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The Iron Bridge: Symbol of the Industrial Revolution Hardcover – 7 Oct 2002

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Hardcover, 7 Oct 2002
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Product details

  • Hardcover: 168 pages
  • Publisher: Phillimore & Co Ltd (7 Oct. 2002)
  • Language: English
  • ISBN-10: 1860772307
  • ISBN-13: 978-1860772306
  • Product Dimensions: 21.6 x 1.8 x 27.9 cm
  • Average Customer Review: 4.0 out of 5 stars  See all reviews (1 customer review)
  • Amazon Bestsellers Rank: 1,335,530 in Books (See Top 100 in Books)

Product Description

About the Author

Neil Cossons and Barrie Trinder worked together at Ironbridge between 1971 and 1983, the former as Director of the Ironbridge Gorge Museum and the latter as the Museum Trust's Honorary Historian. During that time they jointly directed the First International Congress of the Conservation of the Industrial Monuments and were co-authors of the first edition of this book

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Most Helpful Customer Reviews

4 of 4 people found the following review helpful By Nicholas Casley TOP 500 REVIEWER on 24 Jun. 2011
This is a review of the 2002 second edition. The authors in their preface note that, "Such has been the pace of research during the last two decades that this is in effect a new book." There are seven chapters, and I give a flavour of what they are about in what follows. The book is a somewhat detailed history of the Iron Bridge but also a wider general history of (what Eric DeLony refers to in his foreword) "cast-iron arches, of which England enjoys the world's largest and most distinctive collection." Around 130 survive that were built between 1780 and 1830.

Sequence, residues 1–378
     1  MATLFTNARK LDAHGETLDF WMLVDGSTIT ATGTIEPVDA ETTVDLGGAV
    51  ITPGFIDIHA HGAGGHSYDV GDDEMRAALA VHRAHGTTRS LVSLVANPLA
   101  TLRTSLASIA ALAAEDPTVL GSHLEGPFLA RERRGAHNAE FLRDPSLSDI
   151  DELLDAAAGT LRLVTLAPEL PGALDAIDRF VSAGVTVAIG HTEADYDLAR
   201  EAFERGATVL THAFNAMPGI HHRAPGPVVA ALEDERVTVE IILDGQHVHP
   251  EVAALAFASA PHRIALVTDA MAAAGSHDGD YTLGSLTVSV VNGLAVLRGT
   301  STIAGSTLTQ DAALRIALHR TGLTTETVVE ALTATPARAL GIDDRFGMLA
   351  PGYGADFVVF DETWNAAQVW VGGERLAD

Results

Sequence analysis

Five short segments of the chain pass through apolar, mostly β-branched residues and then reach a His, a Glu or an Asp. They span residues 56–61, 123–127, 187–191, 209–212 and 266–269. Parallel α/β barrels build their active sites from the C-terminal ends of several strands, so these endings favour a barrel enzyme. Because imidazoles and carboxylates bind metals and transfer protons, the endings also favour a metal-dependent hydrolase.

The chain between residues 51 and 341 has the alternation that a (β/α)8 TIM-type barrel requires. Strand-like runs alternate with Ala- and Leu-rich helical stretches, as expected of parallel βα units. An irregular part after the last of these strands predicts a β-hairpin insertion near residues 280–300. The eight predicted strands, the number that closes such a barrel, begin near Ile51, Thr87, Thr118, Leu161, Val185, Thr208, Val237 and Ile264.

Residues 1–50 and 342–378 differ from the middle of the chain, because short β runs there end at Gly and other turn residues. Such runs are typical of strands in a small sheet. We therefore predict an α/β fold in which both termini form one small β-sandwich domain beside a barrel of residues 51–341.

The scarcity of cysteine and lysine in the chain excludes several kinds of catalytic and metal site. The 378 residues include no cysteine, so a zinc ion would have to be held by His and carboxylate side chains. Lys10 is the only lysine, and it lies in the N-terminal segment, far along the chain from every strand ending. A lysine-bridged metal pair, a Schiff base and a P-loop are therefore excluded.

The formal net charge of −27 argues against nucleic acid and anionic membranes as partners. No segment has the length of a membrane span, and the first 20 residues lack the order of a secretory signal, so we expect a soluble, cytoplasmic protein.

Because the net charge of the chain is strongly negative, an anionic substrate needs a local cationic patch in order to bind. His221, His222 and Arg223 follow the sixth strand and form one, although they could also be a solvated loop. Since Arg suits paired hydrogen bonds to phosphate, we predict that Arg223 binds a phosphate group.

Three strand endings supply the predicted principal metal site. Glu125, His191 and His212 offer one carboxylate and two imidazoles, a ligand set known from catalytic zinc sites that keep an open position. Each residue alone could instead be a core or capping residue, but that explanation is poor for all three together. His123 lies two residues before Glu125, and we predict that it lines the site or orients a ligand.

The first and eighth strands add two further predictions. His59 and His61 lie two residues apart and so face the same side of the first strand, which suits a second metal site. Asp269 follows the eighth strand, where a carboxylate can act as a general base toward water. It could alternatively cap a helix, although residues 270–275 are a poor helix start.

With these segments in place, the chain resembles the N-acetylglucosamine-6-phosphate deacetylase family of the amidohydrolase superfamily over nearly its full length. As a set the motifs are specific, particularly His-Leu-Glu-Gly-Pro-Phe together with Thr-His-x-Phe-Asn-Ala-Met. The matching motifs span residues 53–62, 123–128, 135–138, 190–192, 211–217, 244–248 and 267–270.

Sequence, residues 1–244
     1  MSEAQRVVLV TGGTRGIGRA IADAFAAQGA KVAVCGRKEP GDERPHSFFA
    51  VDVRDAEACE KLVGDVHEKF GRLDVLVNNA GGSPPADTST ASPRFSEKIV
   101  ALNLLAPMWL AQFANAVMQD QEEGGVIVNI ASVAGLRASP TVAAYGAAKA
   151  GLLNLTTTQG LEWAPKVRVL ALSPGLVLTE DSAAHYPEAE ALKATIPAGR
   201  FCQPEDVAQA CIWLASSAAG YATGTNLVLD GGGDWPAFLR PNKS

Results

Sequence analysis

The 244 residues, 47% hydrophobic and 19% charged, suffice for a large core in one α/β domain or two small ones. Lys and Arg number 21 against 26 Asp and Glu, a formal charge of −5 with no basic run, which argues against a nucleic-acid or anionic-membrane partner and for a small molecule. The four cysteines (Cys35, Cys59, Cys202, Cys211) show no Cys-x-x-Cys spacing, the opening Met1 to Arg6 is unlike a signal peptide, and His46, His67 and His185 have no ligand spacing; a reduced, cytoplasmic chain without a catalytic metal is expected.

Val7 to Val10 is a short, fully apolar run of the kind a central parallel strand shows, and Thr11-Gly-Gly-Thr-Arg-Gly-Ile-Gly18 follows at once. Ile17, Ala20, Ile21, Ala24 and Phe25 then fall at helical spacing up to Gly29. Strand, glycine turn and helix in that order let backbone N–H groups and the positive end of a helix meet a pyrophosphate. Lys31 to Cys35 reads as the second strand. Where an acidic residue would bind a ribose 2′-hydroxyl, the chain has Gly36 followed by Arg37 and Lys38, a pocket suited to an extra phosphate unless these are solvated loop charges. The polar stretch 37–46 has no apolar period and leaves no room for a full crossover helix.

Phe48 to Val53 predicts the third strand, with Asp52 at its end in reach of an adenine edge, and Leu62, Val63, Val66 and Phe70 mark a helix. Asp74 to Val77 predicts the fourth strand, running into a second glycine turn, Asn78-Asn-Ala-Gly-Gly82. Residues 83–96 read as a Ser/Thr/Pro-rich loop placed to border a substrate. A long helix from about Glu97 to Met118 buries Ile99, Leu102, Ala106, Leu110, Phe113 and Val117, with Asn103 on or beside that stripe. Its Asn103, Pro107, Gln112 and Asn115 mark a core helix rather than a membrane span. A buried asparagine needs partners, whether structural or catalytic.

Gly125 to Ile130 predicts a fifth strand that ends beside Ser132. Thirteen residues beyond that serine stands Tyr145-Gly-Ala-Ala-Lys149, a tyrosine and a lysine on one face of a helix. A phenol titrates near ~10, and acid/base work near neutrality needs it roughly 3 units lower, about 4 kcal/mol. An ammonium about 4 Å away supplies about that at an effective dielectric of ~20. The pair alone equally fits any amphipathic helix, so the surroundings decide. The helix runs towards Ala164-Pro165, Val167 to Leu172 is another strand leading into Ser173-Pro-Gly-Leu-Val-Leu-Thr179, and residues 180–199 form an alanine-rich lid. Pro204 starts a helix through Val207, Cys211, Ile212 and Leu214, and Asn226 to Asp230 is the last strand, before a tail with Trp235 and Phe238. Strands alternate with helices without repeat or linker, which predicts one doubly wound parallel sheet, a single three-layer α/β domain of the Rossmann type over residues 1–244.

The first chapter sets the scene for the construction of the Severn Gorge's iron bridge, providing geographic, economic, and industrial contexts. The second sets out how the project was started and the influence of Thomas Farnolls Pritchard, whilst the third chapter discusses the bridge's realisation. Here, the authors argue that, "The construction of the Iron Bridge can best be understood not through a chronological narrative, for which the sources provide insufficient evidence, but by attempting to answer a series of questions in which what is known can be balanced with current gaps in our knowledge."

Chapter four surveys the completed bridge and its effect on local transport networks; on artists and the nascent tourist trade; and on the founding and growth of the town of Ironbridge at its northern end. The authors also look at the gradual decline of the bridge in the public's esteem over the ensuing two centuries. The bridge's decay and reconstruction is covered in the fifth chapter, for from its beginning hardly a decade seems to have passed by without some remedial work being required on the bridge.
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